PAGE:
David Gray

Government publishes responses to the call for evidence as part of the Solvency II review

Solvency II

07 July 2021

On 1 July 2021, the UK government published responses to the call for evidence as part of the Solvency II review.  The review is being undertaken, following the UK’s withdrawal from the EU at the end of January 2020, to tailor the prudential regime to the UK rather than the EU insurance sector.  This is a somewhat factual document, providing their summary of the answers to the questions on specific aspects as posed in the October 2020 publication. 

In general, there is good support for reforms whilst maintaining the Solvency II regime although there are concerns about regulatory divergence.  Such concerns are more likely to come from firms operating outside the UK market.   

There appears to be general agreement on reforming the risk margin although most did not express a preferred method to achieve a reduction.  There were a wide range of comments regarding the matching adjustment which is primarily of relevance to large annuity providers.  Firms calculating their solvency capital requirement using an internal model were critical of the approval process.  With other firms using the standard formula, there was a call for recalibration to reflect the UK profile.  More than half of the respondents pushed for less onerous reporting requirements.  

Running alongside the reform of rules, the Government’s second consultation on the Future Regulatory Framework (FRF) Review will be published later in 2021.   

The quantitative impact study (QIS) to be launched by the PRA this summer will be used to investigate the impact of various reforms and support the review of Solvency II.  A package of reforms will be released for consultation in early 2022. 

David Gray commented:  “Phase II of the FRF Review is expected to result in regulations designed and set by the PRA to meet government policy.  Whilst listing respondent’s views, this report also contains the government’s views and there is no doubt that reforms will be made within the existing regime.  The expected reduction in risk margin and increased proportionality in reporting requirements will be welcomed by firms who recognise that this is only part of the package of supervisory measures, intended to protect policyholders.  I would expect the PRA to conduct a careful and objective assessment of any reforms.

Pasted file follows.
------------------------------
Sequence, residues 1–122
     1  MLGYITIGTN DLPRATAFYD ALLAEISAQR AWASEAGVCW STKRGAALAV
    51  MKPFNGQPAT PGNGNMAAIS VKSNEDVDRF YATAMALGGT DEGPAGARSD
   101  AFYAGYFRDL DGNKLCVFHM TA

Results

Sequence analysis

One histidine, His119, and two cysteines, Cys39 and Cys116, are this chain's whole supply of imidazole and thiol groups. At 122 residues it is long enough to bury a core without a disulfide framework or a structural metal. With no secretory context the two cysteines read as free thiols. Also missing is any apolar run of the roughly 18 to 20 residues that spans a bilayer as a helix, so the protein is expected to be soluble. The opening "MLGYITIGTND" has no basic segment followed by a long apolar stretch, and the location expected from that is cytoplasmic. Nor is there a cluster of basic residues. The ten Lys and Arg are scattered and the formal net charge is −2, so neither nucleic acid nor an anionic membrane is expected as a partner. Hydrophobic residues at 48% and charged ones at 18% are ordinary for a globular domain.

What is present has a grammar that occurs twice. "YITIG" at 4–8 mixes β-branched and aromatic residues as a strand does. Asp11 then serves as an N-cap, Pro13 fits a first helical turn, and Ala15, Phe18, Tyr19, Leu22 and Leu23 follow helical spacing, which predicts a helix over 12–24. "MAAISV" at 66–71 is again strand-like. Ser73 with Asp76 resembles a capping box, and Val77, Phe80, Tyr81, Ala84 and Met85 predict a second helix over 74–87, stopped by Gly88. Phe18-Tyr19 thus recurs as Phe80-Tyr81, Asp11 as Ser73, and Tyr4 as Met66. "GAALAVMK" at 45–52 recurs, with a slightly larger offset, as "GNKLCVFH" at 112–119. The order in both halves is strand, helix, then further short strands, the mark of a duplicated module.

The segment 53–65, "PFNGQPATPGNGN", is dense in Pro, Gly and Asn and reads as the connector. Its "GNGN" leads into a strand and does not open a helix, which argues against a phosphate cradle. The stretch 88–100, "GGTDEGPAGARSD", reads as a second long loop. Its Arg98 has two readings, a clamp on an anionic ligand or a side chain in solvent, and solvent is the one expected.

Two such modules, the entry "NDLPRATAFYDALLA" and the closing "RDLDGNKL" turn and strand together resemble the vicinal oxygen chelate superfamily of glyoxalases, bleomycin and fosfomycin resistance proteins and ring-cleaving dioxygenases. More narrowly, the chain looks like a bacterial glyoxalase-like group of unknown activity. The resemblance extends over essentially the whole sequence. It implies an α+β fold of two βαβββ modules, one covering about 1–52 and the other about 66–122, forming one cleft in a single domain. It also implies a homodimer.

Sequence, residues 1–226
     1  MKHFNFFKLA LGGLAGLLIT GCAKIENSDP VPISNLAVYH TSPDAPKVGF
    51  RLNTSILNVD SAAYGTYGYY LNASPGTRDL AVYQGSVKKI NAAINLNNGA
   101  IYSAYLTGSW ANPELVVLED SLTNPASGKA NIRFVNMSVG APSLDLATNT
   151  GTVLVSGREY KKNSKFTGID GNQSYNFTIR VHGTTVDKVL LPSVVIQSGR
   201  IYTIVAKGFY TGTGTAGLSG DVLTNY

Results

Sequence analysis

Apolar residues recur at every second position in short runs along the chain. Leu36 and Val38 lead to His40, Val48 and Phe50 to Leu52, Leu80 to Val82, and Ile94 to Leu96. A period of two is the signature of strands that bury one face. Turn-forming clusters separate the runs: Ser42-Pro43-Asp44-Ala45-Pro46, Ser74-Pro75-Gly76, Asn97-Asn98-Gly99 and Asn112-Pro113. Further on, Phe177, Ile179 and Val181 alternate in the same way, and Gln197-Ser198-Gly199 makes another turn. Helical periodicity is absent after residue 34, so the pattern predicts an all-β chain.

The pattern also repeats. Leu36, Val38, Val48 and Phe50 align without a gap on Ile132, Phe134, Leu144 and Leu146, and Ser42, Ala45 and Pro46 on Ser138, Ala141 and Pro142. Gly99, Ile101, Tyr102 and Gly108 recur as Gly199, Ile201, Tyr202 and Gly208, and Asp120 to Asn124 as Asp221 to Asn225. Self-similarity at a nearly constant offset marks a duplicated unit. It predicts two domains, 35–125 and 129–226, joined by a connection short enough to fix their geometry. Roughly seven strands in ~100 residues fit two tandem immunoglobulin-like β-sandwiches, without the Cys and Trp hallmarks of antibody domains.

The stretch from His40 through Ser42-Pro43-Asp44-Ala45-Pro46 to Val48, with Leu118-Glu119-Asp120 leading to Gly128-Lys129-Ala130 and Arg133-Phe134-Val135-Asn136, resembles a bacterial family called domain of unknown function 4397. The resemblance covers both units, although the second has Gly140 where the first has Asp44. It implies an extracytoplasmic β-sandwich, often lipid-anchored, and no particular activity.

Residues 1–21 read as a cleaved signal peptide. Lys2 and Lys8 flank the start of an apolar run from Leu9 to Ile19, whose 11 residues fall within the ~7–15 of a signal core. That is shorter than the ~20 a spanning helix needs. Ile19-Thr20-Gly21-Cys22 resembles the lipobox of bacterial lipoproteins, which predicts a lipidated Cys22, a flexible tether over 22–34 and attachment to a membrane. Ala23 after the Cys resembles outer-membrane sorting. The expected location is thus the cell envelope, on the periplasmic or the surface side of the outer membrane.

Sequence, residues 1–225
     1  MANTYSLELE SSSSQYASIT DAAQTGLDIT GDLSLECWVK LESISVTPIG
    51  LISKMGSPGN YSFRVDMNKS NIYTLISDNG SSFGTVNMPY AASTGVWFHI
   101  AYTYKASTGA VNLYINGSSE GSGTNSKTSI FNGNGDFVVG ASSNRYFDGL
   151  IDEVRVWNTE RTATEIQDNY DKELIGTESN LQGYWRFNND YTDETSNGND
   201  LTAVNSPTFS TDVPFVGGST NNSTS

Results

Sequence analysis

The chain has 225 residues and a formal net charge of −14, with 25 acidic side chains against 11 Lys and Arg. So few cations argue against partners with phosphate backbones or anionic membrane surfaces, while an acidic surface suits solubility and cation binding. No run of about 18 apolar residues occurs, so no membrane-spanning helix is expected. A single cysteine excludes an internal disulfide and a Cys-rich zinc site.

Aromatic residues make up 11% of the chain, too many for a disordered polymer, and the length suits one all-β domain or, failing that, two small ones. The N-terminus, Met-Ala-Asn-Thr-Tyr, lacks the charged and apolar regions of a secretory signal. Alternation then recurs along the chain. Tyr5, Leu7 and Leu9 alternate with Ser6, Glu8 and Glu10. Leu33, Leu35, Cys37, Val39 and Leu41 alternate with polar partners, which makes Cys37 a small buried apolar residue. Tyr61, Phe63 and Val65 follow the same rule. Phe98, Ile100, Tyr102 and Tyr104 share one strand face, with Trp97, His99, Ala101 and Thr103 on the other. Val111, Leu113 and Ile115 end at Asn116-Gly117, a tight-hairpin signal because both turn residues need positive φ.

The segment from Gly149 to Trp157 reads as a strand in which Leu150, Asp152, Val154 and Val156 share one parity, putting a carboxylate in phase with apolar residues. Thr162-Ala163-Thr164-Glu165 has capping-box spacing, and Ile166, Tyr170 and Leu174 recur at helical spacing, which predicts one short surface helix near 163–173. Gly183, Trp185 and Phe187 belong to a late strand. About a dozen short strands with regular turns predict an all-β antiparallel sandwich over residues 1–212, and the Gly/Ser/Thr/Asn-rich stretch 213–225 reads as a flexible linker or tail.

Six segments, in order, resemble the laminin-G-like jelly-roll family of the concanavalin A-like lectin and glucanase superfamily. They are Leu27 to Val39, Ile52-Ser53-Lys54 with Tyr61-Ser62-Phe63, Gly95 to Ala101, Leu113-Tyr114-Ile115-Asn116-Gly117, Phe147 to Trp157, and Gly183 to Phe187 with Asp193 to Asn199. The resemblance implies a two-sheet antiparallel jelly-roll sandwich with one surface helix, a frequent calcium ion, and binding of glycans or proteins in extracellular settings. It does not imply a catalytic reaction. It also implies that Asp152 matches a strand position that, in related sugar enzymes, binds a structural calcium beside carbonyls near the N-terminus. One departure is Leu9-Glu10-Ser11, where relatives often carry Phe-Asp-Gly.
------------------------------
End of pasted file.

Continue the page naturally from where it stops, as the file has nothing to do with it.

The regime should best reflect a firm’s risk profiles (assets and liabilities) and the potential transfer of that risk.  This should be done in a proportionate manner and applied consistently to allow adequate oversight by regulators.  Whilst raising the threshold to exclude smaller firms might seem a good idea, this might do more harm than good for the sector and increasing the application of proportionality of the Solvency II regime may be more beneficial.  Incentives to invest in green assets should follow only from the relative value of other assets subject to physical and transition risks.   

Without differentiation, it will be difficult to balance the interest of firms solely in the UK market and those in both UK and EU markets.  With the UK outside the EU but with a strong voice within the International Association of Insurance Supervisors, the UK may be more closely aligned to the wider market and perhaps there is some scope for future European reforms to then follow the UK?” 

David Gray

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David Gray
Consultant Actuary

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